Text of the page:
The recent tour to England, consisting of a game at the Lord’s, should have helped the players hone their skills. The easeness with which the Nepali team defeated their opponents in the friendly match complemented the team’s noteworthy entry in its history books- winning the first visit to the Mecca of cricket. The Marylebone Cricket Club was completely outplayed in every department.
This August, the team was in much better position for the Euro trip than it was ever before. A decent start in the first match versus the Dutch was not capitalized by the batsmen that followed, and the team got bundled out for its lowest total in the competition. Media reports claim an unfortunate dismissal of Paras Khadka, the man with responsibility of holding the inning together, in the match. There is never a right time to get out in cricket but, considering the timing and the manner in which the skipper was shown the way to pavilion, lady luck seemed to have been shining brightly for the Netherlands on the day. Getting bundled out for 94 merely because one person out of eleven got out cheaply can by no means be justified. But that did have a huge role to play among the other debatable decisions that Nepal made in the day.
The start was almost similar on the second match. But this time the skipper did not become a victim of close umpiring calls. Nepali batting looks a whole lot better when other batters get to bat around him. Considering the ones and twos he scored, Sagar Pun played one of the most sensible innings ever played by a Nepali batsman. Decent enough total on the board was enough for the quality Nepali bowlers to restrict the batting line up that features some of the greatest names in Associate cricket to under 200. The Nepali pacemen picked up 4 of the most crucial wickets in the game- a hint of illustration that Nepal no more relies only on the spinners for the tough tasks.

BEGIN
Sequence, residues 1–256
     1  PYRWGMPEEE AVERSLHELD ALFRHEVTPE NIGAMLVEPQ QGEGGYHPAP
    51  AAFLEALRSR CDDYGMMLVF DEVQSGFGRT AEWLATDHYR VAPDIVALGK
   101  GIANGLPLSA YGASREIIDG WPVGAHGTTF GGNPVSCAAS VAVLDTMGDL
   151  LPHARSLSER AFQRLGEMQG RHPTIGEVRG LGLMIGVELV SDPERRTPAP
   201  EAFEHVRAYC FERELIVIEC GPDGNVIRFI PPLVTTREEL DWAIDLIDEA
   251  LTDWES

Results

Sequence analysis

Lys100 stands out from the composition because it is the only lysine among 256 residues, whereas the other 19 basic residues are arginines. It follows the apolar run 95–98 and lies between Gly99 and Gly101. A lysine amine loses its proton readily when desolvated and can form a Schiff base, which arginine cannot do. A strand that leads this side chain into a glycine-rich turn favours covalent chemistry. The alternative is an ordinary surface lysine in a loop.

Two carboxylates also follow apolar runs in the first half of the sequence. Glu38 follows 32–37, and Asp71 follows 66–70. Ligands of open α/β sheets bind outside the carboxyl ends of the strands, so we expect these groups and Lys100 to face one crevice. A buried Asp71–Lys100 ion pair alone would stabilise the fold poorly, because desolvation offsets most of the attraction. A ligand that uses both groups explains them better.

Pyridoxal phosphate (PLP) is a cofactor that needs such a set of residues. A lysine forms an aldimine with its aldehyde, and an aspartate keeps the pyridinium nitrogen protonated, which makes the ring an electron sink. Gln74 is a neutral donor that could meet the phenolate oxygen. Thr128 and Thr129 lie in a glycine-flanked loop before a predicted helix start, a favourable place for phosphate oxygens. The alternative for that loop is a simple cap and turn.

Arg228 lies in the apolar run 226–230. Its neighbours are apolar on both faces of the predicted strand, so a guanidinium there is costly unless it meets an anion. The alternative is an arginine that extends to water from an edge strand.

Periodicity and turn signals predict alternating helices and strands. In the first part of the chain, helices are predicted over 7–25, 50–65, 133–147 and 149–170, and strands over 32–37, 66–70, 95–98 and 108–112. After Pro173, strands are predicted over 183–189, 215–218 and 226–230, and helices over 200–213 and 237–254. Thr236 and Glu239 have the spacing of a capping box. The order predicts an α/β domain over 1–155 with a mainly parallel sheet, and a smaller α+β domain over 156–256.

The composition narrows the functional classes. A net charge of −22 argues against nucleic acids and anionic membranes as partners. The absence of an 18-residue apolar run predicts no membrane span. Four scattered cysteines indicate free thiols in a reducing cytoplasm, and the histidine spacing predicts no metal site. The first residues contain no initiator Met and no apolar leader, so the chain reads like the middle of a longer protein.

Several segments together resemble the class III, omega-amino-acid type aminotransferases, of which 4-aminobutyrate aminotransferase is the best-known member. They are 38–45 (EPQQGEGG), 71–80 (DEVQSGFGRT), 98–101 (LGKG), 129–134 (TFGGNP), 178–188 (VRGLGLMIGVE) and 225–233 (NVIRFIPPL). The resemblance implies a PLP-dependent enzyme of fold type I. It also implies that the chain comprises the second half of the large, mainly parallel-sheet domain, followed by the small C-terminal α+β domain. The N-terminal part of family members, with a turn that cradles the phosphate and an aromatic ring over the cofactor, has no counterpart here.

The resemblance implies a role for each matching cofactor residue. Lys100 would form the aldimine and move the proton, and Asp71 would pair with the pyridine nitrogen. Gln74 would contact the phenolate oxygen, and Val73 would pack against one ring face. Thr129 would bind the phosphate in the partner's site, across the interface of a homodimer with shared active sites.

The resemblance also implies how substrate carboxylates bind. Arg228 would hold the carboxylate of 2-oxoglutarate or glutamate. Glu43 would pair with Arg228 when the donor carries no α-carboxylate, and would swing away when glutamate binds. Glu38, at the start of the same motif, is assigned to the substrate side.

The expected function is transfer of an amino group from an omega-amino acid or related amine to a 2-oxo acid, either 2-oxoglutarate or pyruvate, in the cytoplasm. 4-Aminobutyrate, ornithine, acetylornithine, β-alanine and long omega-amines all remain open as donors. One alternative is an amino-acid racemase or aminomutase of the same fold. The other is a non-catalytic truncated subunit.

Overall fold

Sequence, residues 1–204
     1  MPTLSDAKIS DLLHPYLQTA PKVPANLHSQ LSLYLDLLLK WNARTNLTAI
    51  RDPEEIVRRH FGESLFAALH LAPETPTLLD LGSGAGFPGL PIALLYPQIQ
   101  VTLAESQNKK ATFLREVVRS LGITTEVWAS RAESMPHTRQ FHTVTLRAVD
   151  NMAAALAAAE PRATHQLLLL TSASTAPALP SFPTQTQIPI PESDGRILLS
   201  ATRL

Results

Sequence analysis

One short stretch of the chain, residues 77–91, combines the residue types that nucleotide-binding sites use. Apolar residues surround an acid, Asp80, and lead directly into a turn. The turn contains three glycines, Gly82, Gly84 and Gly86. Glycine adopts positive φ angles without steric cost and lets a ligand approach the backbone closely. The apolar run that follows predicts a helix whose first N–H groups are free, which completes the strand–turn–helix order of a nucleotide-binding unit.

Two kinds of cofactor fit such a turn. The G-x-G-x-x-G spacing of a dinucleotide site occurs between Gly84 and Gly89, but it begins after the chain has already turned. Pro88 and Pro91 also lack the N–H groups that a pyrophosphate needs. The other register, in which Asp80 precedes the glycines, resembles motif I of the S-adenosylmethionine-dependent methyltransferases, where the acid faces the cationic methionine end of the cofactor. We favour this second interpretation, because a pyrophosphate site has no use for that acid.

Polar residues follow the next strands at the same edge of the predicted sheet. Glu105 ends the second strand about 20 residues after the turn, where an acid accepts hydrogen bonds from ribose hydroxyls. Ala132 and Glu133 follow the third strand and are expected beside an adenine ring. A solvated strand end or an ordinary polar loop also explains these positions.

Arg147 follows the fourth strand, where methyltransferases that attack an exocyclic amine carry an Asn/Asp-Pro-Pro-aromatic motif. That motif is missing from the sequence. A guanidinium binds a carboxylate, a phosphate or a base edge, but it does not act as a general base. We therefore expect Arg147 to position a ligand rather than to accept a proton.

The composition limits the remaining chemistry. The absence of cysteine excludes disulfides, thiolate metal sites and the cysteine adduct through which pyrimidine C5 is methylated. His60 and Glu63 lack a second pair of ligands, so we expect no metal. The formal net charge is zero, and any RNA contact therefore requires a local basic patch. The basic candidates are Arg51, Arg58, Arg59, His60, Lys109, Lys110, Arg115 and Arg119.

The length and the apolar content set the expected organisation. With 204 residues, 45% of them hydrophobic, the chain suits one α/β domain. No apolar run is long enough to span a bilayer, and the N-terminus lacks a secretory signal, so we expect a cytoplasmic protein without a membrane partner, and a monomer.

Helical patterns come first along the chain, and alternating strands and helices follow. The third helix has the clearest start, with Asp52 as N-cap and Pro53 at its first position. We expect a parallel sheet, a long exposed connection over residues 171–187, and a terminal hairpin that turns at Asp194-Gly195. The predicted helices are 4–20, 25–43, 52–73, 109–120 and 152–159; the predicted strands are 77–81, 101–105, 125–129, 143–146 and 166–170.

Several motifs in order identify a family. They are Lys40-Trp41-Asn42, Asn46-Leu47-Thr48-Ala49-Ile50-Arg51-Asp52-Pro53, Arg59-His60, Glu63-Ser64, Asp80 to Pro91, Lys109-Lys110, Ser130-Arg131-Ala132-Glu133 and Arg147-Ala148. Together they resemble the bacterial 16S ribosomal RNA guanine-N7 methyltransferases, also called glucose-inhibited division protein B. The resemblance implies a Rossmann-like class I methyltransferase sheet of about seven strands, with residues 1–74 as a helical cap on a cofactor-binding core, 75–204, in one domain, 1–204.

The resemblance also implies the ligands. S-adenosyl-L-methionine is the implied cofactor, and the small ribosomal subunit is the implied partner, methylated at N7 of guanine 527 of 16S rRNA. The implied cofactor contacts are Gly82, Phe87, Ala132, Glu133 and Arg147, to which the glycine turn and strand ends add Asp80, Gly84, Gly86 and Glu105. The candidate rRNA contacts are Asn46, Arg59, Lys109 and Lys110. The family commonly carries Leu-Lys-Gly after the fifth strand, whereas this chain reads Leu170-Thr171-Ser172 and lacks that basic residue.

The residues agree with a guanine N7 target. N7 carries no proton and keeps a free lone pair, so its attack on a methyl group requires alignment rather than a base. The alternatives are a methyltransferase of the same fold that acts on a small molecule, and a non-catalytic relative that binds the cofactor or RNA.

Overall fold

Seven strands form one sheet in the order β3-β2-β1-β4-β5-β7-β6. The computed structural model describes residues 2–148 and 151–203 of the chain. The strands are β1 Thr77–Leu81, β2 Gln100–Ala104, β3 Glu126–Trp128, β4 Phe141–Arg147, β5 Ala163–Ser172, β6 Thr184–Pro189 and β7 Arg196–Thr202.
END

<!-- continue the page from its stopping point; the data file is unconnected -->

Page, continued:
Nepal became the first country to defeat the Netherlands in this edition of the championship. The sample size might be too low to make a firm conclusion, but Nepal’s victory over the title favorites in such away conditions is surely not a fluke. The Nepali cricket team has gone through a learning curve- the numerous tours away from the equatorial region. The results are coming up, albeit in bits and pieces.
It may be some time before Nepal gets completely familiarized with the cool breeze across the bouncy pitches. But will the players get enough match practise in such setting to hone their skills? Nepal will be playing the remaining championship matches in Kathmandu (hopefully), Hong Kong and UAE. There are no other ICC events scheduled anytime soon. It looks highly unlikely that the Nepali players will get to sweat out in the bouncy pitches as much as they would like to. A tour to these regions, once a year, would be a realistic choice for the national cricket governing body to organize. It would help the players sustain and build on to the skills they have developed over the past couple of years.
Should the much-hyped tier-system of world cricket be implemented, Nepal could get to lock its horns with Ireland or even a New Zealand. As soon as the cricket governing body solves its issues and gets functional, it should look into these areas. Nepali cricket holds a lot of promise; it is high time the stakeholders work together for its promotion. Else, on a hindsight, the recent performance in the Netherlands, in particular, and the current golden period of Nepali cricket, in general, might just be seen as a fluke!